Charlie Starkweather and Caril Ann Fugate were small-town teenage lovers who went on a gruesome killing spree in 1958. Theirs is a compelling story that's inspired several outstanding cinematic adaptations. When “Love Kills,” a musical adaptation playing at the Firehouse Theatre, sticks to the development and ultimate end of Charlie and Caril Ann's relationship, it's also excellent: riveting, disturbing, darkly funny and even creepily tender.
Unfortunately, engrossing scenes played with a pitch-perfect level of adolescent angst by Nicholas Aliff (as Charlie) and Emma Orelove (as Caril Ann) are regularly interrupted by uninteresting songs and a clumsy, overwrought subplot featuring Merle, the sheriff who arrests the young killers (Larry Gard), and his wife, Gertrude (Kimberly Jones-Clark). While movies such as Oliver Stone's film “Natural Born Killers” turned Charlie and Caril Ann's story into an unsettling exploration of bloodlust and fame, “Love Kills” reduces it to a vehicle for the dreary reconciliation of a middle-aged couple.
Playwright Kyle Jarrow's uneven script and score aren't bolstered in this staging overseen by director Morrie Piersol. Big problems include cast members who often fail in their best attempts to find the songs' elusive melodies. The clever lighting design (by David McLain), featuring prison walls delineated by bright white lines on the stage, is undermined when the cell “doors” don't always open, a small but distracting problem.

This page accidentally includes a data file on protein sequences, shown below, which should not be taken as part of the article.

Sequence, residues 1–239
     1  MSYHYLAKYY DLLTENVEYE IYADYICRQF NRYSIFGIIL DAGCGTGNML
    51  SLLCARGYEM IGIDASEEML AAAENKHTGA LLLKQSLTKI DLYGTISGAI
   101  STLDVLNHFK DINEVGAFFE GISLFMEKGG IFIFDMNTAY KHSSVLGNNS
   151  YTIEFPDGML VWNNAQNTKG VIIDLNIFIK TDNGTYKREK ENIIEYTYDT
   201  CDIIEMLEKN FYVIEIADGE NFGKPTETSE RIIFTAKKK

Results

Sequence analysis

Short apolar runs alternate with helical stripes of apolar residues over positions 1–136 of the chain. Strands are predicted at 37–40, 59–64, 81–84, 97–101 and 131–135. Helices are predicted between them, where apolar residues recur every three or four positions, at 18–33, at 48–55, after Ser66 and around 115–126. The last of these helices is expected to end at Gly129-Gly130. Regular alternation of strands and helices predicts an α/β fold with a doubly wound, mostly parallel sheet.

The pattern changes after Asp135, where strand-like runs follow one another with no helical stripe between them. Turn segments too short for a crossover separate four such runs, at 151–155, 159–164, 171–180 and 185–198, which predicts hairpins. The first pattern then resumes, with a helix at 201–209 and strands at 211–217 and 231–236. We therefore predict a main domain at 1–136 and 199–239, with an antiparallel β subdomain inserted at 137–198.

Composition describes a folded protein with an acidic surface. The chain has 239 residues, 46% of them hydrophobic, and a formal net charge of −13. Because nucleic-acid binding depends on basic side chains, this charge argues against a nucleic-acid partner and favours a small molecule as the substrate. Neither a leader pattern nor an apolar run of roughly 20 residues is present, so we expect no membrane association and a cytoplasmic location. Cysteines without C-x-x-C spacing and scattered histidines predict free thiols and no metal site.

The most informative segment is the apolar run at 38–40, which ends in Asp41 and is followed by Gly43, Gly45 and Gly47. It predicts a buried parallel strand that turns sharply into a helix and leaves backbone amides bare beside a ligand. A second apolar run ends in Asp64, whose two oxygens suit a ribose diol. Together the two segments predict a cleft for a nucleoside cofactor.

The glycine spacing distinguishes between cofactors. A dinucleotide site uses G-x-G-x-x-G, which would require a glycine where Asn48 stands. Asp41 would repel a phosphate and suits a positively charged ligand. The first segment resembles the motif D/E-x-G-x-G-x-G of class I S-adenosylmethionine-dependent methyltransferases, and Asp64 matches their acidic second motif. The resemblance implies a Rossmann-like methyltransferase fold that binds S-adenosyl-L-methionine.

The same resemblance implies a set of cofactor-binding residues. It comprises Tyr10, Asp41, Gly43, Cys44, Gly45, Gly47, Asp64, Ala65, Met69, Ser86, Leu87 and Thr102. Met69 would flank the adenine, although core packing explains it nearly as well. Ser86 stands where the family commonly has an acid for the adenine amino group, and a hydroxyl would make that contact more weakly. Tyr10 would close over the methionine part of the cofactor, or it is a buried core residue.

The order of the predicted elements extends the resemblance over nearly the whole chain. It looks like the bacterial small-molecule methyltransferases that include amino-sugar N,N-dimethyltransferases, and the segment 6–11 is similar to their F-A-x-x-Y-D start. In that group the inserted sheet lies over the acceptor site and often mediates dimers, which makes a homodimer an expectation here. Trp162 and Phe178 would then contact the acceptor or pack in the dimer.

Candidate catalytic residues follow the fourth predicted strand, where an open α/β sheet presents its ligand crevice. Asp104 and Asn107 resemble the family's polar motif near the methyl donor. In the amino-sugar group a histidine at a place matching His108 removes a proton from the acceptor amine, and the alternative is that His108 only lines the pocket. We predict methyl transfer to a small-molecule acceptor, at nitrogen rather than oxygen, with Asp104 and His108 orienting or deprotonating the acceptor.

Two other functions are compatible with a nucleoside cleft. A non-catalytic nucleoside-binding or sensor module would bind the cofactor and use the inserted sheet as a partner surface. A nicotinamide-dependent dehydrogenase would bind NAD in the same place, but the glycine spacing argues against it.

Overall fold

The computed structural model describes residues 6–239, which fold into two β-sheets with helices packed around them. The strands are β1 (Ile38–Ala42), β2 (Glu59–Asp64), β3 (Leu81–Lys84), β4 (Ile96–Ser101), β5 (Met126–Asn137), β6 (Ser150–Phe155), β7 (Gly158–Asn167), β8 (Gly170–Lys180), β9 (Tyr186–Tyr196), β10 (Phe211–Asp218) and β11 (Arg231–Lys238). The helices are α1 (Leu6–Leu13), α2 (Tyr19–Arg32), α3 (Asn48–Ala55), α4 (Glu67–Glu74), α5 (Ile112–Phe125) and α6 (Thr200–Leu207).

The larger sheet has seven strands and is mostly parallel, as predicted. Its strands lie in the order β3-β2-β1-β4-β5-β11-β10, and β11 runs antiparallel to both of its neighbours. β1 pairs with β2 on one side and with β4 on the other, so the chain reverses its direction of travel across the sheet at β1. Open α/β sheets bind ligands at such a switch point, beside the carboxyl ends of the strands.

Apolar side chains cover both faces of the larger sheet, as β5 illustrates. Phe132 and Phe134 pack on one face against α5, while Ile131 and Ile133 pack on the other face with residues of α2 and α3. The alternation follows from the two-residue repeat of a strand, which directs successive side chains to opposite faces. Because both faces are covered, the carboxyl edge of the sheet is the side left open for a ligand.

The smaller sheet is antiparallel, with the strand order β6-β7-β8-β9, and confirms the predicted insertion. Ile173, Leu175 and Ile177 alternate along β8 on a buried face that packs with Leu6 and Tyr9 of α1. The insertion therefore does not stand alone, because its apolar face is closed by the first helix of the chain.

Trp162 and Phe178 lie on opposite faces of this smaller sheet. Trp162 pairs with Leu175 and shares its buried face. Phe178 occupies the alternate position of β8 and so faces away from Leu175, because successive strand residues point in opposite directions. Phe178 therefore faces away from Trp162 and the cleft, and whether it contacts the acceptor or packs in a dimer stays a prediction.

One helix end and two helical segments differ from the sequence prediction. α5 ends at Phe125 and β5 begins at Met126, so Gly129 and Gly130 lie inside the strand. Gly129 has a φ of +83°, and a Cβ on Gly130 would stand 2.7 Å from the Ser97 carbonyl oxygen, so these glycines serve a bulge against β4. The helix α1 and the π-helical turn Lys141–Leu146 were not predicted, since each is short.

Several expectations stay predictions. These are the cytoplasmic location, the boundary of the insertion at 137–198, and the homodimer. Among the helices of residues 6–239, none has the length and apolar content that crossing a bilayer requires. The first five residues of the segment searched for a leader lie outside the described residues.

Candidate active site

Issues like these almost, but don't quite, eclipse a truly brilliant performance by Aliff, a dynamic young actor with a commanding physical presence and a clear, strong voice that effortlessly soars into upper registers when required. He makes Charlie a believably menacing killer while exposing the endearingly awkward teenage boy underneath. His initial meeting with Caril Ann in a movie theater strikes all the right notes of longing and attraction, with an undercurrent of violence. He's nearly matched by Orelove who portrays Caril Ann as a lovesick girl with a bitter, wounded edge. The show's best musical moments are duets between these two, particularly the plaintive “Love Will Never Die.”
Jones-Clark tries gamely to make Gertrude a relevant part of the story, reluctantly assuming the role of mother to Caril Ann after she and Charlie are jailed. But she's saddled with the most ham-fisted of the show's songs, “Don't Falter,” and her scenes with Gard, whose exaggerated acting style seems to belong in a different show, are unaffecting.
“Love Kills” name checks “Romeo and Juliet” and “Rebel Without a Cause” along the way but, with a plot centered on extracting confessions from Charlie and Caril Ann, it doesn't come close to the dynamism of those older stories. If it weren't for exceptional performances by Aliff and Orelove, “Love Kills” would be dead on arrival. S
“Love Kills” is playing at the Firehouse Theatre Project, 1609 W. Broad St., through Nov. 20. Call 355-2001 or go to firehousetheatre.org for tickets and information.